Al Batt: How can you tell the gender of a honey bee? What is a herptile?
Al Batt of Hartland is a member of the Albert Lea Audubon Society. Email him at SnoEowl@aol.com.
My neighbor Crandall stops by.
“How are you doing?” I ask.
“Everything is nearly copacetic. I was so tired yesterday that I felt like Still Bill, who makes more dust than miles. I even wished I had a remote for my TV remote. Oh, did you hear about Pinhead who works down at Bowling Elaine’s?”
“No,” I say. “What’s up with Pinhead?”
“Pinhead’s family had to always be different. When we were boys, they had a white-and-black TV, and ate potatoes and meat or fries and burgers. His foot was hurting him, so Pinhead limped in to see the doctor. He ended up at the eye doctor’s instead of the foot doctor’s. I guess his eyes weren’t working any better than his foot.”
It was a beautiful January day. Unfortunately, it was nearly May.
I walked in the falling snow, my steps sustained by the singing of house finches.
It is a beautiful world and beautiful bird song as background music helps it be so.
“What is a herptile?” The dictionary definition of herptile is denoting, relating to or characterizing both reptiles and amphibians. Herpetology is the branch of zoology concerned with the study of amphibians and reptiles.
“I saw a flock of Canada geese fly over in a V-formation. One of the birds was small enough to be a mallard. What was it?” It could have been a mallard. I’ve seen one flying with a flock of geese. If it looked like a small Canada goose, it might have been a cackling goose. A cackling goose is small, not much bigger than a mallard. Cackling geese have proportionately smaller bills than a Canada and Canadas can be more than twice the size of cackling geese.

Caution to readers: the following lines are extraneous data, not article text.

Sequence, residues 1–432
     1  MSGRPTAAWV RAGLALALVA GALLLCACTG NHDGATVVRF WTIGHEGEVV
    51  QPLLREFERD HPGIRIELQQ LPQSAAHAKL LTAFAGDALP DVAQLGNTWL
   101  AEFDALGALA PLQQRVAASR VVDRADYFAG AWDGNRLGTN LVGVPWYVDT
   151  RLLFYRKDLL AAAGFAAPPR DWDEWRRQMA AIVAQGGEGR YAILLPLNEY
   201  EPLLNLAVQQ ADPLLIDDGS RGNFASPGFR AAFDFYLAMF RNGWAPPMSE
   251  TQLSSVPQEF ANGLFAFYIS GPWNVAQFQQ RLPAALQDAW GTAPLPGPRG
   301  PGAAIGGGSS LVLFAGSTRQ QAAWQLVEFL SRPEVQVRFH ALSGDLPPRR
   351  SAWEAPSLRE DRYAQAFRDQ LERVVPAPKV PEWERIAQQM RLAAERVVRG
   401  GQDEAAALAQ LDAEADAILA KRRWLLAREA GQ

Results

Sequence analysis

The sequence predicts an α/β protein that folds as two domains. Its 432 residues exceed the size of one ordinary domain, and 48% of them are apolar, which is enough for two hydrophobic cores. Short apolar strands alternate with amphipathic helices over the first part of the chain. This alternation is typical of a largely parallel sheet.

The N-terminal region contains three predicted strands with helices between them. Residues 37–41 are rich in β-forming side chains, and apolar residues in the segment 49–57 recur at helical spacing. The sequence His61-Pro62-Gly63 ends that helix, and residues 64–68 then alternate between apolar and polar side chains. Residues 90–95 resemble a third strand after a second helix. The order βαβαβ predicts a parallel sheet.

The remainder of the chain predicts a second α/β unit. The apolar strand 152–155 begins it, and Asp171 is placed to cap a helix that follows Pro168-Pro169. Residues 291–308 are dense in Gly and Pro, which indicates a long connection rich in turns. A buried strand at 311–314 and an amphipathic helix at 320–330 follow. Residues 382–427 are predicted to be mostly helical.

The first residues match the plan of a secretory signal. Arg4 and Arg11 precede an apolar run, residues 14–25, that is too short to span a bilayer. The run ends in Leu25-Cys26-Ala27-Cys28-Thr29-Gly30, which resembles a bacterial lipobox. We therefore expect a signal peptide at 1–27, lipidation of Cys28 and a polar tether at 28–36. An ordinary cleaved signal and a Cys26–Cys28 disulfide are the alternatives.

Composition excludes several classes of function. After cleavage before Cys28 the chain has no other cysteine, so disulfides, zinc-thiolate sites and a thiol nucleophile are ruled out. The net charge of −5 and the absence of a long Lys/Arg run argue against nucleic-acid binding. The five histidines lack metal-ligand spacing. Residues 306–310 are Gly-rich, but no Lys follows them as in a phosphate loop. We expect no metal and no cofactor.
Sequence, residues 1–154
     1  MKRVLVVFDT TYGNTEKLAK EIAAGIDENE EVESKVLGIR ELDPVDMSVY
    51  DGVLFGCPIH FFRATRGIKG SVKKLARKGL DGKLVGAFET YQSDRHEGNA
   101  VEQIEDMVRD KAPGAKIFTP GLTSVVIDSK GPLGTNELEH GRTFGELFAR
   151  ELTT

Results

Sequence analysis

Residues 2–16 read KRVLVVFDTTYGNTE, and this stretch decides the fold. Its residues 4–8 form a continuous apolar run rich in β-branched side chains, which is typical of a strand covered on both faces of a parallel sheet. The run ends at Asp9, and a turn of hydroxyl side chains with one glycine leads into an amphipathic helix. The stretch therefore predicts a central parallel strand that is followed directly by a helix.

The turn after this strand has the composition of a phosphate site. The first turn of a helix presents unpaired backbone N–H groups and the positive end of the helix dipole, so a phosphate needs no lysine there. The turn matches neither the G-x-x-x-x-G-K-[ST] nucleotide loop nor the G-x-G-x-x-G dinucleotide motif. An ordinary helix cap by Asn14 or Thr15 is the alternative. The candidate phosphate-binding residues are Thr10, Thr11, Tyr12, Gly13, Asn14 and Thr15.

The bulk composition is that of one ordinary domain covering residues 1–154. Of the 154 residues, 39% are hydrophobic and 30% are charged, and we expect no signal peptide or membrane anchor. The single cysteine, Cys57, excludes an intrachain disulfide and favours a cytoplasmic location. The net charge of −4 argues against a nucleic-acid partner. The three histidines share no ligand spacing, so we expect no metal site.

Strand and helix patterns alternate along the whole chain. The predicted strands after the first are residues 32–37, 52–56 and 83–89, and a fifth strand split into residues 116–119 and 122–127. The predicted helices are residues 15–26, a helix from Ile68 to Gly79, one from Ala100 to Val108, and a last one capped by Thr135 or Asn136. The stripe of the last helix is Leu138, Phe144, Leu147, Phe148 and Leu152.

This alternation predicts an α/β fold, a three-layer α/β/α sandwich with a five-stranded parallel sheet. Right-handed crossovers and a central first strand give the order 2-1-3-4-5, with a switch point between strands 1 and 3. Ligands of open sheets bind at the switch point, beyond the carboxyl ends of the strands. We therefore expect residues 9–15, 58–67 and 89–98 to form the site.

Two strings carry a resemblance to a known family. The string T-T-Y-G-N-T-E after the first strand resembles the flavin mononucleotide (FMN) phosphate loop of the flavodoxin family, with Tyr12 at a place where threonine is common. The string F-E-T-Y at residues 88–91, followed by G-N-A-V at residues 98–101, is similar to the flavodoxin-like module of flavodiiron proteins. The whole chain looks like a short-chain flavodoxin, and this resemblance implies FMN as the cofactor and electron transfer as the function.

Diane Mlnarik asked what she could do about a cardinal attacking a window. Female birds have been known to do this, but it’s mostly male birds that attack windows. The reason is basic. In spring, cardinals claim territories. Cardinals seldom share territories with other cardinals. When a male cardinal spots another male, a chasing fight ensues. The dominant male gets a mate, the nesting location, the territory and the area’s food. The loser develops an inferiority complex. When a cardinal sees its reflection in a window, it’s seeing another cardinal in its territory. The cardinal attacks until the other cardinal goes away. A real cardinal would flee, but the reflection remains. Being persistent and stubborn, the cardinal continues to attack its reflection. He may stop on his own, but you might stop him blocking the image. An easy way to do this is to put a piece of cardboard or plastic cling on the outside of the window where the bird is attacking. Soaping that area works. It might cause the bird to take its fight to another window. This may cause Martha Stewart to shudder, but, in most cases, you won’t have to keep it up for long–just until the shadowboxing cardinal thinks his worthy adversary has departed. I had to cover a car’s rearview mirror with a paper bag to calm a cardinal.
Hilary Rinehart of Mankato wrote, “My son (Tim Rinehart) found this on his farm and was very surprised to see the tree chewed up like this. A friend that knows beavers thought it might have been done by an older beaver, but had never seen anything like this. Just thought I would share this with you and would welcome any comments you might have.” Hilary referred to it as a beaver necklace, a wonderful description, and it’s a remarkable piece of beaver work. A log carved into distinct pieces that remain connected. I suspect the tree might have been chewed down, but became hung up in the branches of another tree. The beaver attempted to get the rest of the tree to fall by making more deep cuts in the trunk, moving higher with each one until finally getting it to drop. This activity must have taken a long time to complete. I hope that the crown of that tree didn’t remain entangled in the other tree and be unreachable. That would deprive the beaver of the thinner branches and new shoots it uses for food and building materials. No matter what happened, it left an amazing piece of sculpture for us to appreciate.
“How can I tell if a honey bee is a female or a male?” If the bee is working, it’s a female. Only females forage. The males eat pollen, but they don’t collect it.
“You are educated when you have the ability to listen to almost anything without losing your temper or self-confidence.” — Robert Frost
“Look deep into nature and you will understand everything better.” — Albert Einstein
4-H Update by Amy Wadding Amy Wadding is the 4-H program coordinator for Freeborn County. Freeborn County 4-Hers are in... read more